an arcuate bridge member interposed between said bosal member and the snout of the animal, said bridge member traversing only the upper portion of said bosal member, support means including at least one spring-loaded guide rod affixed to saidbridge member and extending upwardly from said bridge member for mounting said bridge member in spaced relation to said bosal member with said bridge member disposed beneath said upper portion of said bosal member and resting against the snout of theanimal, and means secured to said bosal member for applying a downwardly directed force to said bosal member causing said bosal member to be compressed downwardly toward said bridge member against the urging of said spring-loaded guide rod whereby saidbridge member will exert pressure against the snout of the animal.
5. In an animal training device according to claim 4, said bridge member being a rigid member traversing said upper portion of said snout.
6. In an animal training device according to claim 5, said bridge member having a layer of rubber or rubber-like material adapted to engage the snout of an animal.
7. In an animal training device according to claim 4, said support means comprising a bracket receiving said upper portion of said bosal.
8. In an animal training device according to claim 7, said bracket being defined by a generally omega-shaped spring clip with a central opening having a narrowed entrance for press-fit insertion of said bosal and relatively flat arms extendingaway from opposite sides of the restricted opening, with said arms having apertures and being provided with aligned sleeves for receiving a pair of said spring-loaded guide rods through said apertures.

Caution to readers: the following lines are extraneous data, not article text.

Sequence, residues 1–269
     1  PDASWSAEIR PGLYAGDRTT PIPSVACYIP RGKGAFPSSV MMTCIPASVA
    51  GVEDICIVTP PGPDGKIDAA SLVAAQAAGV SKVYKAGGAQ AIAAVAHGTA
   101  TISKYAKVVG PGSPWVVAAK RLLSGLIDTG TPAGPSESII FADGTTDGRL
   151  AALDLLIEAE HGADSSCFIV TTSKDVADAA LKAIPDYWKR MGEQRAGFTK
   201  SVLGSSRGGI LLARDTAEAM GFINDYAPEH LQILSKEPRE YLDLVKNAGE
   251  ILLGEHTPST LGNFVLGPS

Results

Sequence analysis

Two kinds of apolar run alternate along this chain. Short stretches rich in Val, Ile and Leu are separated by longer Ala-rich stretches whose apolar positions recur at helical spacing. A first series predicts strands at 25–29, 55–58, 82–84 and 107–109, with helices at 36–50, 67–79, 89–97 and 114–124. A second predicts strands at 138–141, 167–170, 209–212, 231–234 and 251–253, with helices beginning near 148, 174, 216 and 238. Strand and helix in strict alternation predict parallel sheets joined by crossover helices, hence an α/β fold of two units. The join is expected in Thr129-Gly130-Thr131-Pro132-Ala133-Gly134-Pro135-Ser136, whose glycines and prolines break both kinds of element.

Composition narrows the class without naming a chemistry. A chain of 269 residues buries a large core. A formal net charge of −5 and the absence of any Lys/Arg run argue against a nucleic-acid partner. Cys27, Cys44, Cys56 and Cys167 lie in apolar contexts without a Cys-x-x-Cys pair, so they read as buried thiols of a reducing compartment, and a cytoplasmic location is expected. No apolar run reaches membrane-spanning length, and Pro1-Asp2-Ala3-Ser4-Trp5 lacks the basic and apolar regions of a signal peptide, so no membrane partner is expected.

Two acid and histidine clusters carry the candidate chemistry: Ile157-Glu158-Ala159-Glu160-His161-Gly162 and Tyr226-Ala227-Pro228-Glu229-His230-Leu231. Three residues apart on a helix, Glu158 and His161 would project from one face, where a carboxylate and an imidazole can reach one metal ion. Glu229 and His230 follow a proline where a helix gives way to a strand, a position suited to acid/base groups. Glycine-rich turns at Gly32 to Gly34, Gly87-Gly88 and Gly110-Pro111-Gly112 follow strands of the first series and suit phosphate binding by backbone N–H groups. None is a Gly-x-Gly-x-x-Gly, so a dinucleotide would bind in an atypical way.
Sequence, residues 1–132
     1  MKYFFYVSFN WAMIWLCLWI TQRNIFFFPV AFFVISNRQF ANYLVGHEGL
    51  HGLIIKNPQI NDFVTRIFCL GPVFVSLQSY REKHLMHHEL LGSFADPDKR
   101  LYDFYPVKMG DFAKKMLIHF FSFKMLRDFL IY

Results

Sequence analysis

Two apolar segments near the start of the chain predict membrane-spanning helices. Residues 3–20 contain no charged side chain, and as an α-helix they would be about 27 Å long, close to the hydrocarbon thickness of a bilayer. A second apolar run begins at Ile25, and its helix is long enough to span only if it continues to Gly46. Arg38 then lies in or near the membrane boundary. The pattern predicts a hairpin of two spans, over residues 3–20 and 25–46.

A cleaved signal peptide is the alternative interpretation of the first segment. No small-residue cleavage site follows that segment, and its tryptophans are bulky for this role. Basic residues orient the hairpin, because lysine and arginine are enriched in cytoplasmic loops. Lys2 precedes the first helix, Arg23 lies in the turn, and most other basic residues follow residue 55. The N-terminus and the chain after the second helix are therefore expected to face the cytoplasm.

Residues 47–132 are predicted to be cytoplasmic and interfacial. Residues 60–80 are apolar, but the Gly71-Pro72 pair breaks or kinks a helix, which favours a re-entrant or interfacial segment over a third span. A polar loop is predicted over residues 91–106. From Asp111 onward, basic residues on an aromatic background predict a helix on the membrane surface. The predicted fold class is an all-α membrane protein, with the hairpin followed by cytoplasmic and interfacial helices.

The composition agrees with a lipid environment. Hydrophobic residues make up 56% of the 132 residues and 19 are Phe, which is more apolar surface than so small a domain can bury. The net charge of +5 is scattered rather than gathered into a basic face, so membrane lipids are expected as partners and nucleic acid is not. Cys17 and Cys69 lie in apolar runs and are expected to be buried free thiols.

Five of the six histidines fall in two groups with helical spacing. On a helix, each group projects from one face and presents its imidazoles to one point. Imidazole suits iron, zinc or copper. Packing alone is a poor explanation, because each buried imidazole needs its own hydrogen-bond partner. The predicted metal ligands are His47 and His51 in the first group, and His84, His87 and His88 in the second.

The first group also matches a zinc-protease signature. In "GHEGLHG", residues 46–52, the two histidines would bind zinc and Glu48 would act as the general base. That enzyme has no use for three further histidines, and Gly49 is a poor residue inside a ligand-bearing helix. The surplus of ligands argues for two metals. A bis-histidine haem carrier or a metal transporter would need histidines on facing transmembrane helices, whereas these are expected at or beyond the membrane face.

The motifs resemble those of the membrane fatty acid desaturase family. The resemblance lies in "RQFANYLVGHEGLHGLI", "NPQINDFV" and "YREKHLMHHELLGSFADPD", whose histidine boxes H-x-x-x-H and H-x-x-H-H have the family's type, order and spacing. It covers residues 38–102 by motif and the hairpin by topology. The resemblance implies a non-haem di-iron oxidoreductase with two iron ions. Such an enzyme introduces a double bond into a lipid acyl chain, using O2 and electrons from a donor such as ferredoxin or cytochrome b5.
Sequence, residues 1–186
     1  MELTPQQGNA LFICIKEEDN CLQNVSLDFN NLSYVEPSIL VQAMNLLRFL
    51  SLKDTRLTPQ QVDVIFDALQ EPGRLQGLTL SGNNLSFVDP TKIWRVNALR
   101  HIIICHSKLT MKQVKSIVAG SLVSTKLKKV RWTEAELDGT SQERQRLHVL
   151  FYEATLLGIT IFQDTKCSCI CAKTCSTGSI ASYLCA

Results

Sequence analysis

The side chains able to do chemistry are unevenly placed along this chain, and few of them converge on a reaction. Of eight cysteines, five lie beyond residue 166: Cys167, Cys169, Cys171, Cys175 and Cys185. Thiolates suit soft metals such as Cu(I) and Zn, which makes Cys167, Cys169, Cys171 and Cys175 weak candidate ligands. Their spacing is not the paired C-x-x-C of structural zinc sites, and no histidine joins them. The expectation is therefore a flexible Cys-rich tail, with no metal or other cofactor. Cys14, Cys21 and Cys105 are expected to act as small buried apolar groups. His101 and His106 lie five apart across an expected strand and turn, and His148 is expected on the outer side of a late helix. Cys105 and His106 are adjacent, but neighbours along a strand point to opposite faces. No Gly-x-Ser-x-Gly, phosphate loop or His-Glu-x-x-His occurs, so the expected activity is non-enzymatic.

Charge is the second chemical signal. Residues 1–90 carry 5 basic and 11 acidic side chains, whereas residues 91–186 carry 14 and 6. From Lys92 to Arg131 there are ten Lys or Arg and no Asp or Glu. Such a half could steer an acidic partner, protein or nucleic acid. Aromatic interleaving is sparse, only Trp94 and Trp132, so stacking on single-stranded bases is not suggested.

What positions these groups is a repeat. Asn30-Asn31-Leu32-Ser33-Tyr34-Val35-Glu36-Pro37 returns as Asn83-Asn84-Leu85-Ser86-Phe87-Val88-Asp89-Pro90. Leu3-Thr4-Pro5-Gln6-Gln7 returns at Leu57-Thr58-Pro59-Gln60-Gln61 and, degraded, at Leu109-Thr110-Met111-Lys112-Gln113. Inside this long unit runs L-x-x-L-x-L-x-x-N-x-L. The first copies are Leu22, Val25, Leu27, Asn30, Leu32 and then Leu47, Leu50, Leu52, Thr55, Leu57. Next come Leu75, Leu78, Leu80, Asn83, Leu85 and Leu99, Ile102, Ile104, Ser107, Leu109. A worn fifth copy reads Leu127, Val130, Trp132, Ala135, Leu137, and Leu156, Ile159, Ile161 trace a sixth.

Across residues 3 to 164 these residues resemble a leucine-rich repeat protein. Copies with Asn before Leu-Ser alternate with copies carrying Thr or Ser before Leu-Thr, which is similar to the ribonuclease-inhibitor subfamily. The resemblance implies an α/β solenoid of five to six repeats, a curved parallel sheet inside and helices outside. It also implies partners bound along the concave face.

9. In an animal training device according to claim 8, said support means being resilient.
This invention relates to animal training devices and, more particularly, relates to a novel and improved training device adapted for use in combination with a harness to facilitate effective and expeditious training of horses and other animals.
BACKGROUND AND FIELD OF THE INVENTION
It has long been the practice when training horses to place a halter or harness over the head of the horse to aid in teaching the horse to obey commands. Early training devices often employed a bit, which was placed in the horse's mouth in orderto effect control over the animal. Bitted bridles were found to be unsatisfactory training devices, however, because horses instinctively fought against the bit, thus causing injury to the horse's mouth.
Several patents have disclosed bitless harnesses which effect control over the horse by applying pressure to sensitive portions of the horse's head, such as, across the top of the head, behind the ears, across the front of the nose or under thechin. These devices typically employ bosals, cords or similar devices which are held in contact with the head and are caused to exert pressure on sensitive areas through a variety of mechanisms. One of the drawbacks of these prior art devices is thatthey often cause injury by digging into the soft portions of the horse's head.
SUMMARY OF THE INVENTION
It is, therefore, a primary object of the present invention to provide for a novel and improved animal training device which may be used for effective training of horses and other animals. While this invention is particularly useful in traininghorses, it also has significant utility in training other animals. References to horses in this disclosure are, therefore, intended for purposes of illustration and not limitation.